1. He was bad well before 2012. How do you think he got injured? He got steamrolled by Ron Brace. 2. If PFF doesn't have the plays, how do they know that Mike Iupati and Ben Grubbs are good? Why did they only get it wrong with Davin Joseph?

      I said he started falling off in 2010. Doesnt mean he wasnt a good player 2006-2009.Grubbs and Iupati are obviously good, but playing on elite teams have given them a league wide "seal of approval". Davin was on some dog chit teams, through no fault of his own. I don't follow what PFF says about other team's players, I just read what's posted on here. But they've come up with some of the wall BS about the Bucs, like how Quincy Black and Stylez White were supposedly so good. The 2009 game vs Dallas was the second best game I've seen a Bucs O-line play (#1 was vs Vikings in 1998) and they gave them a cumulative grade of like -7.0

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    • Anonymous

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      Post count: 648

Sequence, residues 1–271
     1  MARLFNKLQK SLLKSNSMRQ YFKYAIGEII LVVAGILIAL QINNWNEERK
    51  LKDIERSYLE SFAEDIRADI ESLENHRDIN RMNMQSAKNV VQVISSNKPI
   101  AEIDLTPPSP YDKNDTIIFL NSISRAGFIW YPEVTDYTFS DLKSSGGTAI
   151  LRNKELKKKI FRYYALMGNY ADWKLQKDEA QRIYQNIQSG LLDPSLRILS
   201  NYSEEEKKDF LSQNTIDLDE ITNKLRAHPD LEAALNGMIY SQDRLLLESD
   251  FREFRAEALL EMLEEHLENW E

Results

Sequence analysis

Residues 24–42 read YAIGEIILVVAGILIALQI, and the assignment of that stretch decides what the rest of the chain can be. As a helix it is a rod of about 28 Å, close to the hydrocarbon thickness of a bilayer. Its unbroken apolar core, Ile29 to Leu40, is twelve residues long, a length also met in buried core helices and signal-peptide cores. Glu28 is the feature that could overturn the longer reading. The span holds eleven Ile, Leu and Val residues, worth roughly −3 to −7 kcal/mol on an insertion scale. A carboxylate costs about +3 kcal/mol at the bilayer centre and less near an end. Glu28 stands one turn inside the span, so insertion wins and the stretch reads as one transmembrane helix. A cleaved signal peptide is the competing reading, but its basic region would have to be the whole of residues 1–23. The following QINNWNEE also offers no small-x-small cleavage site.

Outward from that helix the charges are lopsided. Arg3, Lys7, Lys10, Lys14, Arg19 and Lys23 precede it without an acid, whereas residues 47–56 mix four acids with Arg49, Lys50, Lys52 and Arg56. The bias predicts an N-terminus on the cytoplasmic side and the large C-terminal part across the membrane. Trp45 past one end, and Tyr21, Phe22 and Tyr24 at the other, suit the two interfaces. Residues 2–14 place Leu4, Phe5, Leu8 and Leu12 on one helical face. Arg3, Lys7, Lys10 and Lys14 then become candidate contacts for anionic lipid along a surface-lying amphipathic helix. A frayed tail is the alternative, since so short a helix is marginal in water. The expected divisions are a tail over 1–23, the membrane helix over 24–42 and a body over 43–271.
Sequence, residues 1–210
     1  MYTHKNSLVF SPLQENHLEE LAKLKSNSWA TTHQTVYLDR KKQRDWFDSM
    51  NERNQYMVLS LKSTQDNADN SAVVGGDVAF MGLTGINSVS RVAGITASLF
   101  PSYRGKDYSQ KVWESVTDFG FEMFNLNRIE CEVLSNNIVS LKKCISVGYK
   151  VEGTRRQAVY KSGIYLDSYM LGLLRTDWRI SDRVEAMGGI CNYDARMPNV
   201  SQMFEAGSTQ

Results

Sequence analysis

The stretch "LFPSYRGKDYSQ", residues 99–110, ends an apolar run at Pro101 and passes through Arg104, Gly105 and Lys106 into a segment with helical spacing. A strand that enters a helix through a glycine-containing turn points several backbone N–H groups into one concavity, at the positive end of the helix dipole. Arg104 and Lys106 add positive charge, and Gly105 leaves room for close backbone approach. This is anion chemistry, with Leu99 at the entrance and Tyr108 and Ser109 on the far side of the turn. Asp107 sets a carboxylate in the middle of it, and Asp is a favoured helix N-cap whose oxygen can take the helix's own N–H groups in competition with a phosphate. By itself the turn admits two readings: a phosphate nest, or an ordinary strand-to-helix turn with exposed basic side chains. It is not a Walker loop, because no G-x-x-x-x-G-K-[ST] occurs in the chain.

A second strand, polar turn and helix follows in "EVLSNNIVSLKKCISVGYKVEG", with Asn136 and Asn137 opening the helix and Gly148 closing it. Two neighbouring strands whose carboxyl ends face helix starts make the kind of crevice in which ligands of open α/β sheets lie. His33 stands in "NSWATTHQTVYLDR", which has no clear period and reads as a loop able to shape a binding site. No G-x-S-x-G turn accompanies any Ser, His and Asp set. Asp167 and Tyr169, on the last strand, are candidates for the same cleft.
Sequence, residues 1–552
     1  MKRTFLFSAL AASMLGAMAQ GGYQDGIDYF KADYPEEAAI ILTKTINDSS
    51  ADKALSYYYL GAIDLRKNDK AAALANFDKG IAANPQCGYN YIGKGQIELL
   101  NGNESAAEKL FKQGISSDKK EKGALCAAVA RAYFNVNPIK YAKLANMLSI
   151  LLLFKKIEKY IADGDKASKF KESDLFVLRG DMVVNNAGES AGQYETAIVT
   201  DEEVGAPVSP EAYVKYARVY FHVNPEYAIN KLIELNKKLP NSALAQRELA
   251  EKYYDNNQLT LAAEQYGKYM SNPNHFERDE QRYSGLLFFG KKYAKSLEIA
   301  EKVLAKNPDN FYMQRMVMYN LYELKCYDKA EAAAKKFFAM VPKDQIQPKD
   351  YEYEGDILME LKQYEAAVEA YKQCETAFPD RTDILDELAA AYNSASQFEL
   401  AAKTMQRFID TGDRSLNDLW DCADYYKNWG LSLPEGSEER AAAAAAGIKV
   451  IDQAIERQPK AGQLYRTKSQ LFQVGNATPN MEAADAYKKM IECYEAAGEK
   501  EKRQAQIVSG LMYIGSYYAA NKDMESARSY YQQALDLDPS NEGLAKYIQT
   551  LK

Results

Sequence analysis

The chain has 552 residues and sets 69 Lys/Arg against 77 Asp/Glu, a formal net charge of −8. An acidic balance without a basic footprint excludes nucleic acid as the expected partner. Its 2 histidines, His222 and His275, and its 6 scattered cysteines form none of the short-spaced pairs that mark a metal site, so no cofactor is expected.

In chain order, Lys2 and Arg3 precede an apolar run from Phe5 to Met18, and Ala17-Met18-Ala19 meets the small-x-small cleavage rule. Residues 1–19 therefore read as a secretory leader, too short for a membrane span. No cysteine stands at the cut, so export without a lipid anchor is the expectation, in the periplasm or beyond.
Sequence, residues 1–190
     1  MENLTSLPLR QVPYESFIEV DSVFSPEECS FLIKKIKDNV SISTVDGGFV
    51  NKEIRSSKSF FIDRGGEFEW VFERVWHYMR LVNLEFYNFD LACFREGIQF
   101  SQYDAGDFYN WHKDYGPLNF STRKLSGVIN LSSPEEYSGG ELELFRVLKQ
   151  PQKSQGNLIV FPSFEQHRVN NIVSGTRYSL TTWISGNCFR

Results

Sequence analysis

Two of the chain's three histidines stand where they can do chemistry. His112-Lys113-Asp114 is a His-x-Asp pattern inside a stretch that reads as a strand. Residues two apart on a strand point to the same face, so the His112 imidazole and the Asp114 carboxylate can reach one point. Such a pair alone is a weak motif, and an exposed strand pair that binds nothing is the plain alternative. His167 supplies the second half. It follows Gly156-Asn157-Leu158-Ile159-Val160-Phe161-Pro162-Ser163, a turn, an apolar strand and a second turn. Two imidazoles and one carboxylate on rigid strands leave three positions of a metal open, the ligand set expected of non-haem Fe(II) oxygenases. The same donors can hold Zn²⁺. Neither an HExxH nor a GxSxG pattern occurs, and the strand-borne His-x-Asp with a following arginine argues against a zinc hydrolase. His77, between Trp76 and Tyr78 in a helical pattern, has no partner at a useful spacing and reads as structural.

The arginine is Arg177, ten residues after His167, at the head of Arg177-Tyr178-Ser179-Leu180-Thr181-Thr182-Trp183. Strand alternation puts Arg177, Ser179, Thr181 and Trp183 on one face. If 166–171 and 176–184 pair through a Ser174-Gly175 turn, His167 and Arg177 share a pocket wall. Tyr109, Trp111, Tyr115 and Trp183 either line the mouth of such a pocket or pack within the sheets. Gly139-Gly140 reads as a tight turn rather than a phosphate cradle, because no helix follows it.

i love Gruden but he was a horrible judge of talent. Not saying the GM isn’t guilty but god he had some awful drafts.

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    • Anonymous

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      Post count: 4623

      I said he started falling off in 2010. Doesnt mean he wasnt a good player 2006-2009.

      Coincidentally, PFF graded Joseph considerably higher 2007-2009 than 2010 and after. Sounds like you agree.

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    • Anonymous

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      Post count: 2829

      What was his grade in 2007? Should have been around +20

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    • Anonymous

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      Post count: 3341

      Looked like Tarzan, played like Jane. Easily fooled the simpletons.